Signaling their desire for a new direction, Hernando County teachers this week voted out two-term Hernando Classroom Teachers Association president Joe Vitalo in favor of a longtime teacher with previous experience leading the union.
Jo Ann Hartge, a sixth-grade science teacher at West Hernando Middle School, received 58 percent of the votes - 444 of the 766 cast.
Vitalo pulled in 322 votes, or roughly 42 percent.
About 30 percent of the membership did not cast ballots.
"I had no idea how it was going to go," Hartge said Friday. "I thought it was going to be close. I was surprised. I was nervous."
Hartge, 61, served two two-year terms as union president between 1996 and 2001, earning respect as a fiery advocate for teachers. A Rhode Island native, she has been with the Hernando school district for 26 years, including nine years at West Hernando. She earned national board certification - the pinnacle of the teaching profession - in 1999 and has maintained it since.
Hartge said she thought the organization needed a change.
"Our classrooms are so different; our challenges are so different," she said. "I just want to bring in a new perspective."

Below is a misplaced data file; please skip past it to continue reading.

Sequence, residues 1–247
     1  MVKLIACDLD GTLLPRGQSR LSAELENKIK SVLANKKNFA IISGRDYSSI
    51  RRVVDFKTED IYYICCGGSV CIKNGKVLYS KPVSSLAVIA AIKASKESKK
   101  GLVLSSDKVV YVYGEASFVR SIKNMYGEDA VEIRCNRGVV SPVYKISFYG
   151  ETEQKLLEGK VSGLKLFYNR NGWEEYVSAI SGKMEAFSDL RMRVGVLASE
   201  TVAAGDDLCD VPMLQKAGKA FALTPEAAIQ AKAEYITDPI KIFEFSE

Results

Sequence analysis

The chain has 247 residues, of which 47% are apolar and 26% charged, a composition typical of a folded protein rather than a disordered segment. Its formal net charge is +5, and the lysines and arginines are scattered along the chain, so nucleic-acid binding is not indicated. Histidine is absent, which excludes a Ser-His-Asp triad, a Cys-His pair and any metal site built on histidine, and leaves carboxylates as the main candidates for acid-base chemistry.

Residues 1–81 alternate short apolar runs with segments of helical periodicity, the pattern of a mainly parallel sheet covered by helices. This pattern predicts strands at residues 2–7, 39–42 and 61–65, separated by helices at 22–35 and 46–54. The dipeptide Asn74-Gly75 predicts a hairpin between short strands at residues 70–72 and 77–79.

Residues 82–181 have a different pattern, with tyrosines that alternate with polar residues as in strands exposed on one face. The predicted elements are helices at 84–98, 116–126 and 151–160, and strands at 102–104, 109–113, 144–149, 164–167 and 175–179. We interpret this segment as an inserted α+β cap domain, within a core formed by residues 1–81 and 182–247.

She said she will only serve one three-year term.
Hartge will spend her first days assessing the needs of the union and talking with people in the district, including Lori Romano, whom the School Board has chosen as the district's next superintendent.
"I hope to have a very collaborative working relationship with the new superintendent," Hartge said.
But she says, above all, she's "going to be advocating for public education."
Among her desires: more training, mentoring and professional development for teachers.
Vitalo, 50, held the position for six years and was trying for his third term. He was the union's first full-time president.
He said he worked to improve salaries, working conditions and resources for teachers.
During his tenure, teacher salaries in Hernando improved dramatically.
"I guess that wasn't important enough," he said.
Vitalo said he felt there were a variety of issues, some unfounded, that cost him the job, including accusations that he was too cozy with the administration and that he was using the position to take a job with the state.
He adamantly denied those claims.
Vitalo said he will return to the classroom or seek other positions for which he is qualified.
Danny Valentine can be reached at email@example.com or (352) 848-1432. On Twitter: @HernandoTimes.